Case Study — 02

Clatskanie


Legacy ISP: Slow or No Bandwidth

A fiber connection runs through the small town of Clatskanie. But with a population of only 2000, ISPs in the area just aren't motivated to build adequate infrastructure to the outlying areas. Some residents' only option is expensive internet access through cell phone companies which can cost upwards of $150 per month.
Offgrid Tower
Network Organizers help erect a relay radio tower in the woods above town
Antenna Behind a Tree
An antenna on a user's home is installed to reach above the tree line

Althea: Faster, Cheaper Internet — Owned by the people using it

While ISPs aren't motivated to address these access issues, Clatskanie's residents are resourceful. With Althea, they are able to set up a network whose nodes are owned by the local residents who use them to access the internet. Soon, these nodes will pay each other, giving families who host nodes that relay traffic for other houses a small income to offset their payments for internet access.

The network's current main gateway is at Deborah's computer repair shop. At the computer repair shop, there is a sector antenna which connects to 8 homes in the surrounding town, up to 2 miles away. There is a tower on a hill above town with a relay node which relays the internet access to another home.

The local Althea network, Clatskanie Co-op, is structured as a legal cooperative. A legal entity is not necessary for all Althea networks, since the Althea software allows local organizers to administer the network and manage revenue from the network on the blockchain. However, the cooperative structure has proven useful for Clatskanie Co-op because it allows them to interface with the traditional legal system to co-own hardware and get permits.

Some residents are planning to put up towers to reach larger areas as a side hustle, investing a few thousand dollars in the tower equipment to be able to make a few hundred dollars a month going forward.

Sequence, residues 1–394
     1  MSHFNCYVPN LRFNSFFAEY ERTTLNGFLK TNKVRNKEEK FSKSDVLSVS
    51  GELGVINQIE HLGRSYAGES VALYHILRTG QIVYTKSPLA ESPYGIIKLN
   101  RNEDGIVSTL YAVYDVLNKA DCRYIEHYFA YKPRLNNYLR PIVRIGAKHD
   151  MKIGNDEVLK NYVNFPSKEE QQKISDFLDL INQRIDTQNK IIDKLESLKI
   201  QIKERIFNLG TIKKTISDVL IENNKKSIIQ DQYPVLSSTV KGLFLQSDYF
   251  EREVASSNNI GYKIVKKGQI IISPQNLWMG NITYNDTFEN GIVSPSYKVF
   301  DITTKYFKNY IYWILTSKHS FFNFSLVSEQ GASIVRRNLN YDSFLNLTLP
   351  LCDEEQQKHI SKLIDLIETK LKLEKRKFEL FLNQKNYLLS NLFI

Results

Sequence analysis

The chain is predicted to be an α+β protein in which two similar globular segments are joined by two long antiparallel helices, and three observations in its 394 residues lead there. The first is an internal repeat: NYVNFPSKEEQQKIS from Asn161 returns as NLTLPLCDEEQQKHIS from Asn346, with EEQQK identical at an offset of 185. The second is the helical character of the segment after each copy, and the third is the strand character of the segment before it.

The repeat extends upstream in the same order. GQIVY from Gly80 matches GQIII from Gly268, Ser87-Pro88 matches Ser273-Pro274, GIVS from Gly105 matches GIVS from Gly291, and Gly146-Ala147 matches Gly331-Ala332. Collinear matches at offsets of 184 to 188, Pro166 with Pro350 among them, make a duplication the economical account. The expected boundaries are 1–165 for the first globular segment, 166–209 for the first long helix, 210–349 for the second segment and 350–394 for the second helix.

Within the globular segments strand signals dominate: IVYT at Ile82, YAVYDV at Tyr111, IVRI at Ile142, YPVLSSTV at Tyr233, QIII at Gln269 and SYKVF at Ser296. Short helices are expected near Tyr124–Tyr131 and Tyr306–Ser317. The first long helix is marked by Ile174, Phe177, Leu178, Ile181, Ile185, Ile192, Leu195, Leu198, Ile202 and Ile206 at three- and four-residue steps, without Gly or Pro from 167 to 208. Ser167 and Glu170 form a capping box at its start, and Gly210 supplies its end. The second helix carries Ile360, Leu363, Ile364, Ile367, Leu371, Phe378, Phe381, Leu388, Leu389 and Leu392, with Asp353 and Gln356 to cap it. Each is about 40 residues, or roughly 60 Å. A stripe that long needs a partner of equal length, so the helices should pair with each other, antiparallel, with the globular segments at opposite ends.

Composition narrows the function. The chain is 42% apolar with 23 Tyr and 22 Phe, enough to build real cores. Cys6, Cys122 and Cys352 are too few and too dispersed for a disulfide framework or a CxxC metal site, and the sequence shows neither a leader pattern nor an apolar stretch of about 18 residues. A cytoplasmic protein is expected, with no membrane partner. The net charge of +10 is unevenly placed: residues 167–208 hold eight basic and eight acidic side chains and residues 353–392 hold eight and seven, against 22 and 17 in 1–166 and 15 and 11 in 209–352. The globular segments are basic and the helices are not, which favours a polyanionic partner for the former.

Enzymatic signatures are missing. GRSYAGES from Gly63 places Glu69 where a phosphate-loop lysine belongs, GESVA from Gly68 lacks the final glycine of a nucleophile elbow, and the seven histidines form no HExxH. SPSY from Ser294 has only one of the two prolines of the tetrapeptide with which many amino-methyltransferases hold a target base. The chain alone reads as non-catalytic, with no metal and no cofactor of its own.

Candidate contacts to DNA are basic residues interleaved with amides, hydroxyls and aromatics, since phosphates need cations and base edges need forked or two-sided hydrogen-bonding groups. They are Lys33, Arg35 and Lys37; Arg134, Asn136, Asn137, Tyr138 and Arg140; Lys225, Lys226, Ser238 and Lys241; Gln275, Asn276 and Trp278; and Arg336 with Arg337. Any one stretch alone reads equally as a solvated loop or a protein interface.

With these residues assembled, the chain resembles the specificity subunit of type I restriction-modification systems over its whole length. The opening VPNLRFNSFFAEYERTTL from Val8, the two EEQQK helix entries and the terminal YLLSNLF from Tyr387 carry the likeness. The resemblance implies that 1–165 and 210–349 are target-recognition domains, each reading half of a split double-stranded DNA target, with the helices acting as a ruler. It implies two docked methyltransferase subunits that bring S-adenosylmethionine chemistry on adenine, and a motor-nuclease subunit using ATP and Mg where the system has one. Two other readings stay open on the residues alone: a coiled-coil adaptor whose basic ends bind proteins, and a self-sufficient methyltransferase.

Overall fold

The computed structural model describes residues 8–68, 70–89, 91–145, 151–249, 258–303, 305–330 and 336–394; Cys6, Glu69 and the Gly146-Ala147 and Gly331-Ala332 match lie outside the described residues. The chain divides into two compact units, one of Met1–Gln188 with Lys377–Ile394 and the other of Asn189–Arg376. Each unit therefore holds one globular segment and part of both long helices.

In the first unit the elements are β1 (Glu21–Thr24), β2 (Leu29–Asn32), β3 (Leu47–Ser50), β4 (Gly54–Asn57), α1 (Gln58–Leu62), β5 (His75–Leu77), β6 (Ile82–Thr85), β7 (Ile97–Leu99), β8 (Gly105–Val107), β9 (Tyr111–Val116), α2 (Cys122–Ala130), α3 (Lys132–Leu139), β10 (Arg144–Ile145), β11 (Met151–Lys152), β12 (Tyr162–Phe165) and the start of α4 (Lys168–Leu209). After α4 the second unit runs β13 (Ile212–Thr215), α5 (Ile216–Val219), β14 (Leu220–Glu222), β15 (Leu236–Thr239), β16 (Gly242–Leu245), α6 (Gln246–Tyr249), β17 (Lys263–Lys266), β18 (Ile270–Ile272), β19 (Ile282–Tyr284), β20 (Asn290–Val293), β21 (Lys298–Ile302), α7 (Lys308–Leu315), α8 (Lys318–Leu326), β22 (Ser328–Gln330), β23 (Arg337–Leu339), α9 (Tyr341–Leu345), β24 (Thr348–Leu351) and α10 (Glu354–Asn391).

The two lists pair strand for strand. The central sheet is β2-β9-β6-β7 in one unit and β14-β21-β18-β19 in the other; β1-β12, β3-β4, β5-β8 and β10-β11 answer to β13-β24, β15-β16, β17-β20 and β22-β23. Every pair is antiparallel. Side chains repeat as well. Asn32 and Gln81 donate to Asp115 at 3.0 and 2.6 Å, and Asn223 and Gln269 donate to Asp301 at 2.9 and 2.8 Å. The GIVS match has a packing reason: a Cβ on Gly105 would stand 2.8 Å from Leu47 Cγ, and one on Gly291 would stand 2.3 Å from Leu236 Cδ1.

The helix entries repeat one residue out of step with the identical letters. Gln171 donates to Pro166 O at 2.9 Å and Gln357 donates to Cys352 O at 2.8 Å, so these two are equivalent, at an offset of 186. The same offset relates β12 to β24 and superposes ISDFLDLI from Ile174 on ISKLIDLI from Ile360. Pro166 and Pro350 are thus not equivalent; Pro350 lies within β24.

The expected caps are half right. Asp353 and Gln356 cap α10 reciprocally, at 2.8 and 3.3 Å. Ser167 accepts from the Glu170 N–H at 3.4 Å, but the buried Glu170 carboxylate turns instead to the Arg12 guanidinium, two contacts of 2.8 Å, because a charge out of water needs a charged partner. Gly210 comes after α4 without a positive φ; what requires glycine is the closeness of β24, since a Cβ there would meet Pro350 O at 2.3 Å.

Clatskanie was Althea's first deployment, and is being spearheaded by one of Althea's founders, Deborah Simpier. She is joined by five other co-organizers: Yvonne owns the local fruit stand, and is a bus driver. Dante is a young game developer. Shaun is a programmer and tinkerer who designed the telescoping tower that Clatskanie Co-op is currently using. Clark is a retired Intel project manager. Matt is a tug boat captain and has experience with his company's union.

An earlier version of the gateway was a simple pole with 2.4Ghz sector antennas.

Future vision

An additional 25 houses are currently on the waitlist. After this, there are plans to extend the network to other communities along the Columbia River like Marshland, Woodson, and Quincy. Because of Althea's decentralized structure, it's easy for anyone to buy some equipment and extend the network, but Clatskanie Co-op will play a guiding role, as organizers of their local Althea network.

Technology & Topology

Clatskanie Node Map Clatskanie Node Map Clatskanie Node Map
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Gateway Node

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The backhaul is provided by a commercial internet subscription at Deborah's computer shop. This is broadcasted out to the town by some sector antennas on the computer shop's roof. Clatskanie Co-op has a mix of of 2.4ghz radios which can be useful for penetrating some foliage and 5ghz antennas.

Currently, the tower and a couple of homes in Clatskanie are serving as relay nodes. Any Althea node can sell bandwidth to other nodes, but we call a node that has better antennas and earns money forwarding packets for other nodes a relay node. In the future, another tower over Clatskanie and one covering Marshland will be relay nodes.

Users access bandwidth through relay nodes, or directly from the gateway node, and don't pass it on to anyone else... yet. Anytime they want to, these users could become relay nodes by selling their connection on to their neighbors.